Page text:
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Dimidiochromis compressiceps

Malawi Eye-Biter


Cichlidae. Subfamily: Pseudocrenilabrinae


Endemic to Lake Malawi, where it’s widely distributed.


Usually found in areas of shallow water in and around patches of submerged vegetation..

Maximum Standard Length

10″ (25cm).

Aquarium SizeTop ↑

60″ x 15″ x 18″ (150cm x 37.5cm x 45cm) – 250 litres.


Set up the aquarium with piles of rocks arranged to form caves, large areas of open water for swimming and preferably a sandy substrate. Planting with Vallisneria in dense patches would simulate the natural habitat of the species. There should be no strong current in the tank.

Water Conditions

Temperature: 73-82°F (23-28°C)

pH: 7.5-8.8

Hardness: 10-25°H


Will accept dried foods such as pellets but these should not form the basis of the diet. Although this fish is a piscivore by nature, it can easily be trained to accept dead foods in captivity. Prawns, mussel, cockle, lancefish etc. can all be offered.

Behaviour and CompatibilityTop ↑

A predatory species with a large mouth that should not be kept with fish under around 5″ in length, as these will be eaten. It’s peaceful enough with species too large to eat. The males only become territorial during spawning. Keep several females per male.

Sexual Dimorphism

Adult males are much more colourful than females, which are predominantly a plain silvery colour.


Not easy. Polygamous maternal mouthbrooder.

The breeding aquarium shouold be at least 60″ in length. This should be furnished as suggested above with the addition of some large, flat rocks to provide potential spawning sites and areas of planting with Vallisneria. A pH of 8.0-8.5 and a temperature between 77-81°F are ideal.

A breeding group of one male and 3-6 females is recommended, as males can be quite hard on individual females. When ready the male will choose a spawning site, either on a flat rock surface or by digging a depression in the substrate. He will display around this, showing intense colour, and attempt to entice females to mate with him. When a female is willing, she will approach the spawning site and lay her eggs there, after which she immediately picks them up in her mouth. The male fish has egg-shaped spots on his anal fin and the female is attracted to these. When she tries to add them to the brood in her mouth she actually recieves sperm from the male, thus fertilising the eggs.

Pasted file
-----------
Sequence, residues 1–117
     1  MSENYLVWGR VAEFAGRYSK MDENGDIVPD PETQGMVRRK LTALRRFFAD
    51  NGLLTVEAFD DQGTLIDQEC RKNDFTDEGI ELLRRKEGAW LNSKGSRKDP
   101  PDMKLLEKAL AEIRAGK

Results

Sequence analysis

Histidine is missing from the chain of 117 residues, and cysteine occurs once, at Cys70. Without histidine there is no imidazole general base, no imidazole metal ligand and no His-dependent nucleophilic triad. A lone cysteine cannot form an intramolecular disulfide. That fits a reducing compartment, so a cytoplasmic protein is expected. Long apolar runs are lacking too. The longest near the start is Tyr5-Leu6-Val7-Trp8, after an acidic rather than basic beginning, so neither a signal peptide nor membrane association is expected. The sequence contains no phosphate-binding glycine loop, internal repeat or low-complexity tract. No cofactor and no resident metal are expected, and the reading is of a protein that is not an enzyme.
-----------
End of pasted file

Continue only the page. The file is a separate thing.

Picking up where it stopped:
She will carry the brood of up to 250 eggs (usually 40-100) for around 3 weeks before releasing the free swimming fry. She will not eat during this period and can be easily spotted by her distended mouth and brooding colouration of dark patterning. Female D. compressiceps are notorious for spitting out the brood early when stressed, so extreme care must be taken if you decide to move the fish. It is also worth noting that if a female is away from the colony for too long she may lose her position in the pecking order of the group. It’s best to wait as long as possible before moving a female unless she is being harassed by her tankmates.

Some breeders artificially strip the fry from the mother’s mouth at the 2 week stage and raise them artificially from that point. This usually results in a larger number of fry, but is an approach recommended only to those with previous experience handling fish. In either circumstance the fry are large enough to accept brine shrimp nauplii from the day they are free swimming/released by the mother.

NotesTop ↑

D. compressiceps is an ambush predator in nature, its laterally compressed shape and head-down hunting position allowing it to remain hidden among Vallisneria beds and making it tricky to spot in open water. It has a dark stripe running from the snout along the back to the tail which serves to provide further camouflage.

Despite its common name, it does not prey solely on the eyes of other species, preferring to hunt small fish (particularly juvenile Copadichromis sp.). It swallows these tail first, the only known species of predatory fish consume prey this. Its common name is derived from its habit of eating the eyes of fish in nature. This happens infrequently and there are various theories surrounding it. Some suggest that it is blinding its prey, others think that it only occurs when food is scarce, whilst yet others suggest the eye may be a delicacy of some kind. In any respect, this will rarely, if ever, happen in aquaria with well-fed specimens.

An albino form is occasionally available in the hobby, and has become more popular in recent years.

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